When dealing with non-technical clients, you want to emphasize the situation’s outcomes (the what), not the how. For example, if you have a cybersecurity incident, report what is going on to upper management. They want to understand the situation and the potential impact on the business. They do not care how the hack happened, don’t need to know what specifics of how the malware works, etc. Avoid details wherever possible and focus on high-level concepts focused on business impact.

When dealing with upper management, they are primarily interested in understanding what the team is doing, if it’s being done effectively, and how it can be measured. The best way to do this is to capture metrics that demonstrate your team’s performance. A common example of this is recording the average resolution time for security incidents. Metrics like this allow you to easily quantify your performance and convey it to management in an easy-to-understand way.

For auditors, the task is more straightforward, they will tell you what evidence they need, and you need to provide them with the information they require. This includes having good ticket records, saving emails, documentation, etc.

When dealing with end-users, you should focus on giving directions. You should only be contacting them if you need information, are required to do something, or be informed of some action that may affect you in the future.

Speaking with Technical Clients

When speaking with technical clients, the conversation focuses on the how. They need to understand the how of a situation. This usually means the inner workings of a system, technology, or software. These conversations need to be much more detailed and less business orientated.

When dealing with team members and contractors, you must relay whatever technical details are relevant to the task. This may be done verbally, but you will often be tasked with creating an SOP (standard operating procedure), which is essentially a step-by-step guide on how to achieve a specific task. The goal here is to provide enough detail that someone can understand precisely how the process works from start to finish.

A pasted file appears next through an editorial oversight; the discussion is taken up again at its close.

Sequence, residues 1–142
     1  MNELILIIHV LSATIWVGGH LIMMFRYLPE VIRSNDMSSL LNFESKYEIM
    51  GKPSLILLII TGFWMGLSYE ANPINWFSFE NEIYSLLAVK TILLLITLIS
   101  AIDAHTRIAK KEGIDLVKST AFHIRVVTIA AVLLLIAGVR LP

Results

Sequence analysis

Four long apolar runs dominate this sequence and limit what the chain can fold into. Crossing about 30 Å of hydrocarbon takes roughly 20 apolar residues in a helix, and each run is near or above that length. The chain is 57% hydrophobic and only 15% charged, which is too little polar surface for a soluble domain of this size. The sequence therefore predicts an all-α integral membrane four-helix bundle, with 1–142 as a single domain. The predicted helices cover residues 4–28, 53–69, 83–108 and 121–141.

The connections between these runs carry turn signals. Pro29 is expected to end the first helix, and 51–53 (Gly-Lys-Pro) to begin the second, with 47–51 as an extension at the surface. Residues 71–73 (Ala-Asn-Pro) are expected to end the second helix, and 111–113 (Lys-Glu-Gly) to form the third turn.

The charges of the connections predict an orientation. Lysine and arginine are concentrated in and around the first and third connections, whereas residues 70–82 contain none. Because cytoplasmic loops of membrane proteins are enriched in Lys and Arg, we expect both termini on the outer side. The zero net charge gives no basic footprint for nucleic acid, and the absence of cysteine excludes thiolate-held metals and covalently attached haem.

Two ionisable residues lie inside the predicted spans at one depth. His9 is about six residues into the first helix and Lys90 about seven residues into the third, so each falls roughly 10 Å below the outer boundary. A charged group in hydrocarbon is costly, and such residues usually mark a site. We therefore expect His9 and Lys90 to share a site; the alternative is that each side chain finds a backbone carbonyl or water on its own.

When speaking with auditors assessing your company’s overall security controls, it’s best to use network diagrams. This is the easiest way to convey how the company’s infrastructure is set up and makes it very easy to visualize what security controls you have in place. However, when communicating with auditors directly, highlight how the controls work and contribute to the overall security and data privacy requirements.


Non-technical clients are stakeholders that don’t have a strong understanding of technology. In contrast, technical clients are stakeholders with solid knowledge and interest in knowing the details of the technology used in business. When speaking to non-technical clients, make sure to emphasize the “What.” Highlight what is going on and why it’s meaningful. When speaking to technical clients, the emphasis should be on the “how,” which means how things are implemented in the company, how the systems work, configured, and other low-level details that explain how the process in question works.